One thing that really got me excited about this bike is the amount of enthusiasm still existing for it. It was a very unconventional design, with the V-twin engine mounted sideways and liquid-cooled. Also, this was Honda's first bike set up to use tubeless tires. So in many ways, it was a game-changer.

    It's still very popular, and has a bit of cult status appeal because it was used very extensively by London motor couriers in the 80's. It has a reputation for being very reliable, able to take abuse, and practical for city traffic. Unlike most small bikes, many people outfit it for cross-country touring, as well. One version of this motorcycle was called the Honda Silverwing, and was basically a little brother to the Goldwing.

    So I'm very excited about having one. I'm going to do my absolute best not to drop it, and I plan on maintaining it well so it will last me a long time.

    Anyway, true to form, I have already had my first MISADVENTURE aboard this beast.

    More on that next time.

    Thursday, March 4, 2010

    Elevatorial Frustrations.

    You know when you're riding the elevator--riding it for 4 floors at minimum--because if it were less than that, you'd take the STAIRS, right? And it stops. And opens. And someone gets on, and rides it exactly one floor before it STOPS again, and they get off?

    I HATE that!!! 

    It's not so much that my 20-second elevator journey just quadrupled in duration, it's...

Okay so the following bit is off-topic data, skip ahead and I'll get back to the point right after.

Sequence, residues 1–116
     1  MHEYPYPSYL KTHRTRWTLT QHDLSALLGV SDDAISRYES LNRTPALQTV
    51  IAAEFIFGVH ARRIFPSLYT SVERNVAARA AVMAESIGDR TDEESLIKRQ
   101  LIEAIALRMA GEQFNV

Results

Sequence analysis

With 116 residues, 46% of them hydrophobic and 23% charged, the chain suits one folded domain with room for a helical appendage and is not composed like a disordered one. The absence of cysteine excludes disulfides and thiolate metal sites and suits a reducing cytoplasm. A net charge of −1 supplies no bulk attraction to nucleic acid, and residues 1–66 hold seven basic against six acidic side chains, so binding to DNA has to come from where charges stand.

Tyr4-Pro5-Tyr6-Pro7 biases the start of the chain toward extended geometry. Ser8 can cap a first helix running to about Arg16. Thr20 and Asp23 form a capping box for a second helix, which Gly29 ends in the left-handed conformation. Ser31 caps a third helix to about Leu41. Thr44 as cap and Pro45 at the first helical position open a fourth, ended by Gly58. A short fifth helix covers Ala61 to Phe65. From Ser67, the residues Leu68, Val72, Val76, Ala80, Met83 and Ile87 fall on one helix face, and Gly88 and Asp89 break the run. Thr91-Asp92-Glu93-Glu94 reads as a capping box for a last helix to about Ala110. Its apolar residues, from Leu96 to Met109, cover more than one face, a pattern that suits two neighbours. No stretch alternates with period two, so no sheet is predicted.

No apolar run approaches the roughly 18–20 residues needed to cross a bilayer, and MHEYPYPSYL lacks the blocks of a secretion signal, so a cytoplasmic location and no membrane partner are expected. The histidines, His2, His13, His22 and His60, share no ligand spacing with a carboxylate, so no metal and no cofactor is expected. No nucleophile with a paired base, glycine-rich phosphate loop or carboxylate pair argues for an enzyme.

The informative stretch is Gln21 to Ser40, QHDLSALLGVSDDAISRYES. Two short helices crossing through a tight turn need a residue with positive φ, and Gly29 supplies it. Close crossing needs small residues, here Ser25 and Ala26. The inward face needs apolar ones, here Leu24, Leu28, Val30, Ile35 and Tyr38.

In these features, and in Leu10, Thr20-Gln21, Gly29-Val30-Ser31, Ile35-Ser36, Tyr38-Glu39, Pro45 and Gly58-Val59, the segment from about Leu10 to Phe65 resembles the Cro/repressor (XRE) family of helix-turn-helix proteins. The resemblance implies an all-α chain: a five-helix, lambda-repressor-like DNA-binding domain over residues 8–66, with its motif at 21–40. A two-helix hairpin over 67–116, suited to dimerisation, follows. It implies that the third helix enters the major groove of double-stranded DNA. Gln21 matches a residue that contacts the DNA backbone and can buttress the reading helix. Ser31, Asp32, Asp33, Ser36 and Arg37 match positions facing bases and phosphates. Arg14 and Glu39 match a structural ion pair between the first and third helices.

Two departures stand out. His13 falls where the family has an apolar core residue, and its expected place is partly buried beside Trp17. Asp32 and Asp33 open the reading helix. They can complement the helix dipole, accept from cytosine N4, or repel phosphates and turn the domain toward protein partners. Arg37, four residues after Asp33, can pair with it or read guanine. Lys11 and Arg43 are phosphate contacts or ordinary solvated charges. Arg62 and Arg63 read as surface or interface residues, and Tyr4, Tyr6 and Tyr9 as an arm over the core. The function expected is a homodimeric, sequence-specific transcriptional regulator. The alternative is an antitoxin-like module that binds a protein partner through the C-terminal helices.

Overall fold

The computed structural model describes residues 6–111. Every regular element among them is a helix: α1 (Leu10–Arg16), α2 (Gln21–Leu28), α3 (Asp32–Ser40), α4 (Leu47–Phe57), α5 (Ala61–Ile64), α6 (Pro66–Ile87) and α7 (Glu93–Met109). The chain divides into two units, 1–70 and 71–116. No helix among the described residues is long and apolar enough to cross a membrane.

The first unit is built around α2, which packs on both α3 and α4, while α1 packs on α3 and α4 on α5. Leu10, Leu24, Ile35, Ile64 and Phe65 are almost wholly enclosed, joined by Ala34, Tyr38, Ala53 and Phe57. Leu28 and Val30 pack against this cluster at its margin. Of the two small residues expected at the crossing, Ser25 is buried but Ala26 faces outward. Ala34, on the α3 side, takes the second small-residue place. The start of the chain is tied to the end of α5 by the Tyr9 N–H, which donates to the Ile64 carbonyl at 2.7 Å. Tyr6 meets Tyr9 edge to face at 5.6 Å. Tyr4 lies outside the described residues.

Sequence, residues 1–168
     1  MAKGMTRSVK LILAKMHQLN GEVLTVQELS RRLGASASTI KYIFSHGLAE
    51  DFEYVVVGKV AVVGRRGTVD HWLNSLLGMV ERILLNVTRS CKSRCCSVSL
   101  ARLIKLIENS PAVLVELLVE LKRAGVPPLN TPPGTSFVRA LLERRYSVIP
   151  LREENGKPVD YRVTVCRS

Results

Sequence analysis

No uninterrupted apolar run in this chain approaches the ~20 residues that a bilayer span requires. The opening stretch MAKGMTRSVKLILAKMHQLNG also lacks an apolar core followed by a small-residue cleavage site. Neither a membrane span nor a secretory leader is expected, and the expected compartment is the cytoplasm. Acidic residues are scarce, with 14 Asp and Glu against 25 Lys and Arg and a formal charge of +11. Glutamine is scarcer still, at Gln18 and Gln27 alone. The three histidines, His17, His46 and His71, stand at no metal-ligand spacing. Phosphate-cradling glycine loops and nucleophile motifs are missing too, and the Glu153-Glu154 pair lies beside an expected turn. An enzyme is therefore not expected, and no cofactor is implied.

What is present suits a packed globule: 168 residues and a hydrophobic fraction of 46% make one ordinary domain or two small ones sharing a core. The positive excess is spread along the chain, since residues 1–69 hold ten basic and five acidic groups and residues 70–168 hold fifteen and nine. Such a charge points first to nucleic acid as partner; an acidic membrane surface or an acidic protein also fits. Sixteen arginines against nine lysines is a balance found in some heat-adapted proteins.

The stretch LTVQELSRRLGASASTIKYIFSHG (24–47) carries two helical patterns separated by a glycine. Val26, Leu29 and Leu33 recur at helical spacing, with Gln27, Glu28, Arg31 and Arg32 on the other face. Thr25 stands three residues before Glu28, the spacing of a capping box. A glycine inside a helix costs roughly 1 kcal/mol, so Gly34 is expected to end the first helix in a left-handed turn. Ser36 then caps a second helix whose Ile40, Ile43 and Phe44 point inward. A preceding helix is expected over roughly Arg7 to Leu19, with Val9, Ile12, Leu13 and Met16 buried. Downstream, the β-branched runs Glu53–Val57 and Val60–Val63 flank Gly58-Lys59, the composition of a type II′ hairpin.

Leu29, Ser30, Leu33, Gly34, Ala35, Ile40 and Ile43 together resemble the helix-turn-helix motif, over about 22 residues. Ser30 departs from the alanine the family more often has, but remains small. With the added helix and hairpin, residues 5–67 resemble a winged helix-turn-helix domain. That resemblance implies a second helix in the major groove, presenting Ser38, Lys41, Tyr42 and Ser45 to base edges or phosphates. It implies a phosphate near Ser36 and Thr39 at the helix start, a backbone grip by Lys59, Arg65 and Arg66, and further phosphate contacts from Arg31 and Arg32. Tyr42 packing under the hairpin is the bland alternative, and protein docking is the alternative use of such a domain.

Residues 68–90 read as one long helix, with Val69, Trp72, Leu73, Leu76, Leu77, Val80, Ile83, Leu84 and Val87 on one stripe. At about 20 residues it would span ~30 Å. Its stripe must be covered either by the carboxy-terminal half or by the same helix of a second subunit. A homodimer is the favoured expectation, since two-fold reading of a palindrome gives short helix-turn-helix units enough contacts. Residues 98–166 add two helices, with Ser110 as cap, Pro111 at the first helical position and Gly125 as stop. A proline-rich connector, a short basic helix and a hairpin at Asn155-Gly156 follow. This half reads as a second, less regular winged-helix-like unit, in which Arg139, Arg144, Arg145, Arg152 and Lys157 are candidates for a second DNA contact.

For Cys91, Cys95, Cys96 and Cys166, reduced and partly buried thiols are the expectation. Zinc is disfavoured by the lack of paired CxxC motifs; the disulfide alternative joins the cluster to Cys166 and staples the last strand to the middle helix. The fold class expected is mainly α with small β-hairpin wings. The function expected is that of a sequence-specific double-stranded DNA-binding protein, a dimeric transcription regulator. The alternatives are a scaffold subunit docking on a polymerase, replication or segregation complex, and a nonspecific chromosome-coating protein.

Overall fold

Well, that's it, mostly.



    The end.

    Tuesday, February 23, 2010

    This blog is about as exciting as an extinct volcano.

    Hmmm.


    I suppose I should post something.


    I could talk about my trip to...

    (nd).

    It was fun. It was real. It was...real fun. And it was, most importantly, super cheap! I will miss flying for free when I grow up.

    As you can see, I scored some great tickets to the Oregon Symphony, with special guest Angela Hewitt. Being, as I am, a wannabe former budding virtuoso (yes, you're reading the words of a one-time Broomfield Piano Festival finalist), I loved it. Incredible musicianship.

    And it was fun watching the kids at the zoo watch the sea lions...

      
      
      


    And I'll go ahead and let the record companies know that I have purchased a new, more fancified digital piano and I am still a force to be reckoned with.

    Wednesday, February 3, 2010

    Mostly, I just think about space.

    There's a Shuttle launch on Sunday! Unfortunately, it's at 3:39 AM in my time zone. Not sure if I'm going to be physically capable of waking up to watch it live. But it's the LAST night launch of the shuttle program, so it may be worth setting the alarm and at least PLANNING to watch it.